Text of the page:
TIMES SQUARE (PIX11) –The FBI and NYPD have released new information as they seek the public’s help in solving one of the highest profile series of unsolved crimes of the last ten years in New York City.
The new information comes five years after the last of the crimes took place, and as more is released about the series of Midtown bombings, more questions arise, including, why are the crimes still unsolved?
The new release came in the form of surveillance video recorded after a bomber exploded a device at the Armed Forces Recruiting Center in Times Square on March 6, 2008. The FBI released about four minutes of video it had been withholding for five years. The agency also released a photograph of the explosive device used in the recruiting center bombing.
In the clearest video clip of the new release, a full-sized person wearing what appears to be a rain jacket with the hood up rides away from the bombing scene on a bicycle. The person’s face is not visible and, according to the FBI, it’s not even clear what the person’s gender is.
All of the newly released video shows the suspect on a bicycle. A photo of the bike was released by investigators when their case was still new, in 2008. It was a medium blue Ross racing cycle that the suspect dumped minutes after the bombing, about six blocks from the scene of the crime.
The FBI on Tuesday also re-issued surveillance video of the bombing itself. In that video, shot in grainy, early morning darkness from a camera at least half of a block away from where the bombing took place, the suspect is seen dismounting the bike and laying it on a railing in front of the recruitment center.
The person in the video then walks up to the door of the recruiting station and places an explosive there. The newly released photo of the device shows very clearly that it is a military issue ammunition box that the bomber had filled with explosive powder that was eventually lit with a fuse.
The surveillance video shows the bomber walk toward the bicycle after the fuse is lit, mount the cycle and ride away seconds before the bomb explodes, leaving the glass and metal facade of the the recruiting center significantly damaged.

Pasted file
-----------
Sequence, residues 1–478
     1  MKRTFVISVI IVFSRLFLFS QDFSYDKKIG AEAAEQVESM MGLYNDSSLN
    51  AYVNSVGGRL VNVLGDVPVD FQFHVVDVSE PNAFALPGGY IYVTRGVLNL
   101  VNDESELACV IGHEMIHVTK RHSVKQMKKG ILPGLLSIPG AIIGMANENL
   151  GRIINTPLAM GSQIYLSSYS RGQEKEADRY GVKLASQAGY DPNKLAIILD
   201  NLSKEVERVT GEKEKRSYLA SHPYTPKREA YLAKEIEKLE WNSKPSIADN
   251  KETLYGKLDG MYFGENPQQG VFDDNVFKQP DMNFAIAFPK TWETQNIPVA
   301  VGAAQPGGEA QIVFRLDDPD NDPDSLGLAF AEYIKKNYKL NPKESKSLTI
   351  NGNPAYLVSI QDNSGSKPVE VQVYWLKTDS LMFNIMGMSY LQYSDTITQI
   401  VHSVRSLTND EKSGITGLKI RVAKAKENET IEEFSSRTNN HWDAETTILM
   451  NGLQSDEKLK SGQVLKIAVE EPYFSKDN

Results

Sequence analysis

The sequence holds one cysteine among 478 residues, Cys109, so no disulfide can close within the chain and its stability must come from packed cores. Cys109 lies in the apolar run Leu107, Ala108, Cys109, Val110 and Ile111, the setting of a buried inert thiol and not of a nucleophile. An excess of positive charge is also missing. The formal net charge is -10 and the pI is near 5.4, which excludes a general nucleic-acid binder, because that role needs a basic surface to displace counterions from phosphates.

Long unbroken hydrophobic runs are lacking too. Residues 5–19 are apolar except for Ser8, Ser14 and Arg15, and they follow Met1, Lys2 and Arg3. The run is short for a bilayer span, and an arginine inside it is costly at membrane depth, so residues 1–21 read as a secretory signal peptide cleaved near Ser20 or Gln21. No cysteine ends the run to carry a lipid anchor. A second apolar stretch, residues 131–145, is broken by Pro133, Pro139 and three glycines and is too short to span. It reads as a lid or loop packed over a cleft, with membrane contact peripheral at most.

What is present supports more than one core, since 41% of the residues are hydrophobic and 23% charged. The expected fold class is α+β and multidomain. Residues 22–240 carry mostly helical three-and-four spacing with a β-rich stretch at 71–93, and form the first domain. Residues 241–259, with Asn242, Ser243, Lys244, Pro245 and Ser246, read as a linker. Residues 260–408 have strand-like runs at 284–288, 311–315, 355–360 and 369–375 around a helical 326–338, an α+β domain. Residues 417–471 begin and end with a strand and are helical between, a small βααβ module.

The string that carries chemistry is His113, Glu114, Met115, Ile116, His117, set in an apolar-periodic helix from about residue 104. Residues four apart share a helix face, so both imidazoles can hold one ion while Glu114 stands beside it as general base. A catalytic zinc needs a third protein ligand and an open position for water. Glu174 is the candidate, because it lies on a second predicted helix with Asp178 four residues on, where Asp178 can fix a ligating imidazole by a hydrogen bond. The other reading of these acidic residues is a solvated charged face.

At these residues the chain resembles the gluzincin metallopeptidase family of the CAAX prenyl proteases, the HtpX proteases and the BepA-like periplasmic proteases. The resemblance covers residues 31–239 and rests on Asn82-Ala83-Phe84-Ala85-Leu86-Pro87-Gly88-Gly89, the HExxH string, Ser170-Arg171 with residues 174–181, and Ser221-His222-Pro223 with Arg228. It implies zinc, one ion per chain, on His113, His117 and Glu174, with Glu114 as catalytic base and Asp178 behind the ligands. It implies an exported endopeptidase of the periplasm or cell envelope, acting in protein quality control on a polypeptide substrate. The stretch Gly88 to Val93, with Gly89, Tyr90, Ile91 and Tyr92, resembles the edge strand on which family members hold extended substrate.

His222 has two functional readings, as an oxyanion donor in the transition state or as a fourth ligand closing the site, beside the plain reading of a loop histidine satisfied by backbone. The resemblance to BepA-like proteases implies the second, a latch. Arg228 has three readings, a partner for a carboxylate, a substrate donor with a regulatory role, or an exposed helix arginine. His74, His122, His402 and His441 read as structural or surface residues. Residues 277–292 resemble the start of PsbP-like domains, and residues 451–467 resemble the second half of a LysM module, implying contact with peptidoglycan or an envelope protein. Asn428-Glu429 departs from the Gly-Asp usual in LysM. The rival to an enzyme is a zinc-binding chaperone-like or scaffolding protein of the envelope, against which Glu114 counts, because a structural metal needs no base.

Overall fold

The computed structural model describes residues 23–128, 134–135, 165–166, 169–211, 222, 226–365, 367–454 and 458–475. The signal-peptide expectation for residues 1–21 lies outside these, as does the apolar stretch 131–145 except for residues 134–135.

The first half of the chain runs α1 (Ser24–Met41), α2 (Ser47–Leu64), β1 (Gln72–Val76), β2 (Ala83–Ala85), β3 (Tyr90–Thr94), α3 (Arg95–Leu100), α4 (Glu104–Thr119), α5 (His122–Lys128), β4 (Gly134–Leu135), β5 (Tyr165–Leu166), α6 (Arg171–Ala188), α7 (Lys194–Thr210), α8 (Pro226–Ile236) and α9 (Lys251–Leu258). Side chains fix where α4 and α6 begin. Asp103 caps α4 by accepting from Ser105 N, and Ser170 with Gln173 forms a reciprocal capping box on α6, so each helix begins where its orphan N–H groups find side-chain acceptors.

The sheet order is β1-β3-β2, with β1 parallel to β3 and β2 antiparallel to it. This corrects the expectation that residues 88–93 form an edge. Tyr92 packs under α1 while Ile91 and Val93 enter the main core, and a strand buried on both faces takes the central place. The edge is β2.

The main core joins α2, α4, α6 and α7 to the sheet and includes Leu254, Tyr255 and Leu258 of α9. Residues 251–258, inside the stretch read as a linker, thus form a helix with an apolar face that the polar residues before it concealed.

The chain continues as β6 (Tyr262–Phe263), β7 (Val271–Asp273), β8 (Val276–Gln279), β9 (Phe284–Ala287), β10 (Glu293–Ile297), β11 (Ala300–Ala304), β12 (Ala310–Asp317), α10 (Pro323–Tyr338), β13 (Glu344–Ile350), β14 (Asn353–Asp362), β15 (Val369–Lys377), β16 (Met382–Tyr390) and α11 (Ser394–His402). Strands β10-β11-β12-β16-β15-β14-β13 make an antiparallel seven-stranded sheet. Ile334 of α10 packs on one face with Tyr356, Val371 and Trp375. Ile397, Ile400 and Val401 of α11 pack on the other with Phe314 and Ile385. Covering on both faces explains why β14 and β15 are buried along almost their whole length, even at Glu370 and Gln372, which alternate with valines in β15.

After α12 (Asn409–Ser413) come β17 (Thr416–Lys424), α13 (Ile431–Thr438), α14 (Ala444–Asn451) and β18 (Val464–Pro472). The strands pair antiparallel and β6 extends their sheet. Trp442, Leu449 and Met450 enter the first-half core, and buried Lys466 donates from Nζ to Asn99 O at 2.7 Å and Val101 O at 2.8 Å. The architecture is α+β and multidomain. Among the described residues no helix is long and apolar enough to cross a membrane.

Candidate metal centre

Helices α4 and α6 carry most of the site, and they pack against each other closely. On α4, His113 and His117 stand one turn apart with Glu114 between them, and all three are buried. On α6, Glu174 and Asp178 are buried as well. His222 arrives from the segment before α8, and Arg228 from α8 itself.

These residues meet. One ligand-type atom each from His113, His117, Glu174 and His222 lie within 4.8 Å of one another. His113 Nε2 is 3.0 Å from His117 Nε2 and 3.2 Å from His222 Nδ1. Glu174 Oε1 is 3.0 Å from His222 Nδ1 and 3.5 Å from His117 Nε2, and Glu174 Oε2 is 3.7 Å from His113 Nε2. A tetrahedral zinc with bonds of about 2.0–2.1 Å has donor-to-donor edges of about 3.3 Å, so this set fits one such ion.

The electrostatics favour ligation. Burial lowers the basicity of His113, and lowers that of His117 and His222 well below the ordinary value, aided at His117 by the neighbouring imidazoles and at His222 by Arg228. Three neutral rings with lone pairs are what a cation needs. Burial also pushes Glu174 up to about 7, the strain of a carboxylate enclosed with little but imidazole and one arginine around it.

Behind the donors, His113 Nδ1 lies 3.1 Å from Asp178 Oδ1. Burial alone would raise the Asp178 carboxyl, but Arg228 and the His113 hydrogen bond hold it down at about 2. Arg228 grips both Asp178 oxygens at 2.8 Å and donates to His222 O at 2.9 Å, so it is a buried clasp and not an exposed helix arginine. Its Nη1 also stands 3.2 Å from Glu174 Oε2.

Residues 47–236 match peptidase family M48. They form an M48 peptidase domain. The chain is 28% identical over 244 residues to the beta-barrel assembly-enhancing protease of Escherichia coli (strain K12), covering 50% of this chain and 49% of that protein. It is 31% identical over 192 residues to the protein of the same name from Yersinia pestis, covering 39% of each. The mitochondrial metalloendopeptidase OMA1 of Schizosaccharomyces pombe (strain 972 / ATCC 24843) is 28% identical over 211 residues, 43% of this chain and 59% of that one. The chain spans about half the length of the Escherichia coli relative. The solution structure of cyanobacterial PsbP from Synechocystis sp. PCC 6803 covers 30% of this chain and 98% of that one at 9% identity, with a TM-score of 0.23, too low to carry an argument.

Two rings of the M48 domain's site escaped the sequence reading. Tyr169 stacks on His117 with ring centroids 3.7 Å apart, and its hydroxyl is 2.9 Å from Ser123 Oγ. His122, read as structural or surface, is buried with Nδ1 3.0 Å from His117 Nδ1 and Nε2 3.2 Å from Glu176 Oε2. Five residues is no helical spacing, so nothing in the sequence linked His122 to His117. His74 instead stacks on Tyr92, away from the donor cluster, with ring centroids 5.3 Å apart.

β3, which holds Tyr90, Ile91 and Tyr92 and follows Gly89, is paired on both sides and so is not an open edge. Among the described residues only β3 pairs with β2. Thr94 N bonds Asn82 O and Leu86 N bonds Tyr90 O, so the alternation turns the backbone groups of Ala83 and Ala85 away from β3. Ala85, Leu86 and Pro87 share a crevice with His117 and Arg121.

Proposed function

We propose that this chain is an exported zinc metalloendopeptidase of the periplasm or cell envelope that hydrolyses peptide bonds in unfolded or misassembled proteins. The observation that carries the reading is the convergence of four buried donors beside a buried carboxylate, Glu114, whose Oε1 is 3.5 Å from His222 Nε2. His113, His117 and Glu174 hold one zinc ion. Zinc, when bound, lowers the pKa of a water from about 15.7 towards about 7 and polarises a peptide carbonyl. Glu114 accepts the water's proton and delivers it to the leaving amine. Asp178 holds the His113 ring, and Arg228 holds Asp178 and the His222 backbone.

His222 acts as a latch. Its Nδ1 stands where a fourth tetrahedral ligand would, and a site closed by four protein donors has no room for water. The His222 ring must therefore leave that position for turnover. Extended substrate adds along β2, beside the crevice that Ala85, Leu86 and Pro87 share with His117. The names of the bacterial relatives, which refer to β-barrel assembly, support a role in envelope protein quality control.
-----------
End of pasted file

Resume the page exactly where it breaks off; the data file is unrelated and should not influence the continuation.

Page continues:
Nobody was hurt in the explosion, but investigators have said that the explosive power of the device could have killed someone if they had been close enough physically to the impact.
As the surveillance video shows, at least five people were within thirty paces of the recruitment center door as the explosive device’s fuse burned. Anywhere from one to all of them are potential eyewitnesses — or accomplices — in a case that appears to have gone cold.
“We really believe that there are people out there who know something,” said New York City Police Dept. Deputy Chief Matthew Pontillo at a news conference Tuesday afternoon, “based on what we put out there,” he said, investigators hope that witnesses remember “more clearly what they saw.”
“Any information, no matter how small or insignificant one might think it is, may be very significant to us,” said Pontillo.
Another reason for the revived call for the public’s help, the head of the FBI office in Chelsea pointed out. “Obviously, we’re very frustrated,” said Special Agent In Charge Carlos Fernandez, “and that’s why we continue to pursue the investigation. We have a squad of very dedicated agents looking into this matter.”
He also said that there appears to be a connection among the Armed Forces Recruiting Center bombing and two other Midtown bombings over the last eight years.
In May of 2005, somebody planted an explosive device in front of the British Consulate. Two years later, in October 2007, somebody exploded homemade hand grenades at the Mexican Consulate. Then, five months after that, the Times Square recruitment center explosion took place. All three happened in Midtown, during the 3:00 A.M. hour, and, according to the FBI, all may be related.
The agency also confirmed that the suspect may have had up to five accomplices.
PIX11 News has learned, from sources close to the investigation, that one lead being strongly pursued is that the bombing is the handiwork of a group of anarchist activists working together.
In a stepped effort to gather more information, the FBI reminded the public that its local tipline is (212) 384-1000. It also developed the Twitter hashtag #BikeBomber in order to receive tweeted tips about the case.
Furthermore, the agency is offering a $65,000 reward for any information leading to an arrest in the bombing at the recruitment center.